Contributed by Keith Pyron, Principal, PPM Consultants
Several years ago, I attended a Brownfields Symposium in southwest Florida sponsored by the Florida Department of Environmental Protection (FDEP). The symposium consisted of many different speakers giving presentations on different approaches and technologies concerning the assessment and cleanup of contaminated properties. While I found some of the presentations interesting and others not, there was one presentation that really grabbed my attention above the rest. The presentation was about remediating petroleum-contaminated sites using a type of bioremediation process called Biovation™.
It was strange that I became so captivated by a bioremediation presentation. I confess I have never been impressed with any type of bioremediation method in my 35-plus years of experience as an environmental consultant. Frankly, I’ve never seen a bioremediation technology that produced any great results, or even mediocre results for that matter. However, the speaker of this presentation really caught my attention because he began to share how they were able to clean up site after site using their technology in six months or less. Yes, I did say six months or less.
I’m listening to this guy thinking that he is either a little crazy, seriously stretching the truth, snake-oil salesman (but I repeat myself), or maybe he is just presenting only the success stories. I mean, nobody gets up to speak at one of these conferences and talks about their failures, right? What really got me taking him seriously is when he began openly offering this remediation method on a pay-for-performance (PFP) basis to anyone willing to give him a site to try. Where I come from, this means he was putting his money where his mouth is. Most consultants will avoid PFP projects like the plague, simply because of the risk too many things can go wrong.
I was compelled to learn more about this technology. After his presentation, I began grilling him one-on-one with one question after another. I questioned him about how many of these remediations had they completed? How long was his average cleanup? What was the longest period of time they took to clean up a site? He told me they had cleaned up dozens of sites with this process, the average cleanup time was less than three months, and they never had a remediation take longer than a year.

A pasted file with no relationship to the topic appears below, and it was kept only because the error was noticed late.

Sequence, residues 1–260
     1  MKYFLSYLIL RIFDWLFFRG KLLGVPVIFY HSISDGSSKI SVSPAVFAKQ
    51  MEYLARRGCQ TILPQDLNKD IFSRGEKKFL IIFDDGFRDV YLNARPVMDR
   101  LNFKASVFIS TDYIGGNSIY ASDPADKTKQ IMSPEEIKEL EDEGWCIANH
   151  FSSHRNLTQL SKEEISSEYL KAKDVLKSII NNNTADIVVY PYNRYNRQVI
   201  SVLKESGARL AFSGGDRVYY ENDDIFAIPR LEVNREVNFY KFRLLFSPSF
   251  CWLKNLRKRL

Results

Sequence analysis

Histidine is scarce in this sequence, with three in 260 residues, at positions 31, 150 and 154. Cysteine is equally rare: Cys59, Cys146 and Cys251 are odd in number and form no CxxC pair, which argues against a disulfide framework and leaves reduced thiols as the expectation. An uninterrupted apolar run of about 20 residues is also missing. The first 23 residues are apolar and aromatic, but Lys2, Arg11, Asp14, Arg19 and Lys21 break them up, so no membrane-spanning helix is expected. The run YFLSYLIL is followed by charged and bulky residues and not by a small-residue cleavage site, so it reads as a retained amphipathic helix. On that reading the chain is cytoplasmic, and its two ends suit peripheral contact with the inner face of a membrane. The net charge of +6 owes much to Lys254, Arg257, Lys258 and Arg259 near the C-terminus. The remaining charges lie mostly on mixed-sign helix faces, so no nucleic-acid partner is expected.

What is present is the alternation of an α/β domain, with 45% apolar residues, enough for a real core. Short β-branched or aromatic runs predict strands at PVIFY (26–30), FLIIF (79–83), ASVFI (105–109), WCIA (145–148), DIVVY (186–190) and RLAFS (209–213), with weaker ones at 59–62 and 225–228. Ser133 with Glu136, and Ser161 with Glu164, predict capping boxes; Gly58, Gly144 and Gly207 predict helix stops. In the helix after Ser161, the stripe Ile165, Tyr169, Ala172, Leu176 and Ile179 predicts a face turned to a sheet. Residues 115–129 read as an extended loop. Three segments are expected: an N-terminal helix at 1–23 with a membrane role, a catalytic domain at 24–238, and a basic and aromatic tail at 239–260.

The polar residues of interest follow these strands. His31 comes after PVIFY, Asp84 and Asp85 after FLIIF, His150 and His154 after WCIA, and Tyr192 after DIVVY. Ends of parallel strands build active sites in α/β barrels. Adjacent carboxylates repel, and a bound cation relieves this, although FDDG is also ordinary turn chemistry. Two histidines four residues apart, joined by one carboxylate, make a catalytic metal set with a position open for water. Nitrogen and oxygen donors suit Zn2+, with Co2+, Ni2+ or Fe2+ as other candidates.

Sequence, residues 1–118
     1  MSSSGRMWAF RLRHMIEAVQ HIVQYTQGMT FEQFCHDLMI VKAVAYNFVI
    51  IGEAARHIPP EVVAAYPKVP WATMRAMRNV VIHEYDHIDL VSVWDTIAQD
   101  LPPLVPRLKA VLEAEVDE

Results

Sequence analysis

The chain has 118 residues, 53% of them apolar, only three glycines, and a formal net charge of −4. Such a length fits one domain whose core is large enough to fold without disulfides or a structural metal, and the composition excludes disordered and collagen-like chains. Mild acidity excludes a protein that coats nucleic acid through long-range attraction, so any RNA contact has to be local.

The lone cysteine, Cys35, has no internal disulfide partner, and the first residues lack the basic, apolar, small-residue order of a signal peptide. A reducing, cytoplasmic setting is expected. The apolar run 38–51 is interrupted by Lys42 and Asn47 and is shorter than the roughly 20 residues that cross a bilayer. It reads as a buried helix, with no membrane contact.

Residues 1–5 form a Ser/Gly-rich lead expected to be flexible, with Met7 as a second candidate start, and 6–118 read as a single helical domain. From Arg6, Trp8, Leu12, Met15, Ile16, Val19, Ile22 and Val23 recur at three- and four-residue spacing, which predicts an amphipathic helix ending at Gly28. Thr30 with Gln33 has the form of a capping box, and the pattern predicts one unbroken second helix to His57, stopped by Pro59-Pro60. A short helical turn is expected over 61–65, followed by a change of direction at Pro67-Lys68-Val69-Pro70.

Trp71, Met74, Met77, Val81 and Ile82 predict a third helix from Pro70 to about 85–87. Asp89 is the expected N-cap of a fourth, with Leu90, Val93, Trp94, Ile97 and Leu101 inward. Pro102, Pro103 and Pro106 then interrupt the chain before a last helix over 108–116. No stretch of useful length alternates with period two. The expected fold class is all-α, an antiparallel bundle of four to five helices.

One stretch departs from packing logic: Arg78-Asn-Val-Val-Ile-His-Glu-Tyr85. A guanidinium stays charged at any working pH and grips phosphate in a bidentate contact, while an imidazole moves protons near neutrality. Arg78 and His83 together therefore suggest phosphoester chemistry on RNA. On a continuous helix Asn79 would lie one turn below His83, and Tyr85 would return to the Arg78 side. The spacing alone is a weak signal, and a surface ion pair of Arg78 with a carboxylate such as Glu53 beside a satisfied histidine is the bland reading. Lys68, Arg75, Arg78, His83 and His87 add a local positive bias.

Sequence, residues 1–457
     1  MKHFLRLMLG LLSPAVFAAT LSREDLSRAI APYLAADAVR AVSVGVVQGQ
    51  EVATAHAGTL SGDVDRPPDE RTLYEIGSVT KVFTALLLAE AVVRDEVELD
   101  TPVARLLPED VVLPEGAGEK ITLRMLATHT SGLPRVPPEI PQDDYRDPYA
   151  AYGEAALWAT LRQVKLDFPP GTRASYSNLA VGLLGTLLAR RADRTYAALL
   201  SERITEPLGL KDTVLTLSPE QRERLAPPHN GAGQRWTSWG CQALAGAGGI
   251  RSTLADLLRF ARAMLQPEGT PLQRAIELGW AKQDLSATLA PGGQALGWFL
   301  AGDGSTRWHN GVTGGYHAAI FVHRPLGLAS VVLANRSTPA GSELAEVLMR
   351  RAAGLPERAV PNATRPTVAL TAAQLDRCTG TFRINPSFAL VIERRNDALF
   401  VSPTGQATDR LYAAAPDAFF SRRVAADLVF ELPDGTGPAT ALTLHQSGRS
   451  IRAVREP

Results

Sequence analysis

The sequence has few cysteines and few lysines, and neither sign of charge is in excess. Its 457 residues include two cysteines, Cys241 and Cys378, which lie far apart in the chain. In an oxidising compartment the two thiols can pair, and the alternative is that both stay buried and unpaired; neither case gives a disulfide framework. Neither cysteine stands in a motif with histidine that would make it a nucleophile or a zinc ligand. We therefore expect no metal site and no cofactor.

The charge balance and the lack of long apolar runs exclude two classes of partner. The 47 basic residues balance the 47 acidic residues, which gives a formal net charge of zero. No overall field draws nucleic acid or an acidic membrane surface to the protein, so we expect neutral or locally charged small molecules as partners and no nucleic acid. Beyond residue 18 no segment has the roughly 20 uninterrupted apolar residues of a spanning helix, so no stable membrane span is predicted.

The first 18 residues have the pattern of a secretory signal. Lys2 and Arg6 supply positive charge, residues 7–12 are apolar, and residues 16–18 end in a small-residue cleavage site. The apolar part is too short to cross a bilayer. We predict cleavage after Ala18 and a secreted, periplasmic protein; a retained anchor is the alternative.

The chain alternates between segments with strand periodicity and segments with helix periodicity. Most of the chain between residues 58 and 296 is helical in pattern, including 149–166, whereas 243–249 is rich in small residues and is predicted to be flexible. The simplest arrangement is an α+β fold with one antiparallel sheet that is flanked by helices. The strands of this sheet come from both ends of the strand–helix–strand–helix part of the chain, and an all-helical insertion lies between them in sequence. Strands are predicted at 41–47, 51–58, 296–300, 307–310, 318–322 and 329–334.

By now, you are probably asking what is the bioremediation technology that can clean up petroleum contaminated sites in less than three months average. Let me give you a brief overview of how this system works. Groundwater is extracted through recovery wells and pumped into a tank located inside a trailer mounted remediation system. Inside the tank, microorganisms and oxygen are introduced into the tank and then the mixture is pumped back into the subsurface through injection wells. The treated groundwater infiltrates down through the contaminated soil into the water table then migrates through the groundwater plume, thereby treating contamination in both the vadose and saturated zones. Down-gradient extraction wells then recapture and recirculate groundwater back into the mixing tank again. Sounds pretty much like another pump and treat system doesn’t it? So, there are a few things that are different that makes this system work so well.
The first thing that sets this technology apart is that the microorganisms are harvested from actual petroleum releases as opposed those grown in a lab. Since they are all naturally occurring, they have a much greater probability of survival when they are injected back into the ground. Only the most aggressive strains of bacteria are harvested and cultivated. These microorganisms strongly prefer aerobic conditions, so they are mixed with oxygen-rich water before they are injected into the subsurface to help keep them alive.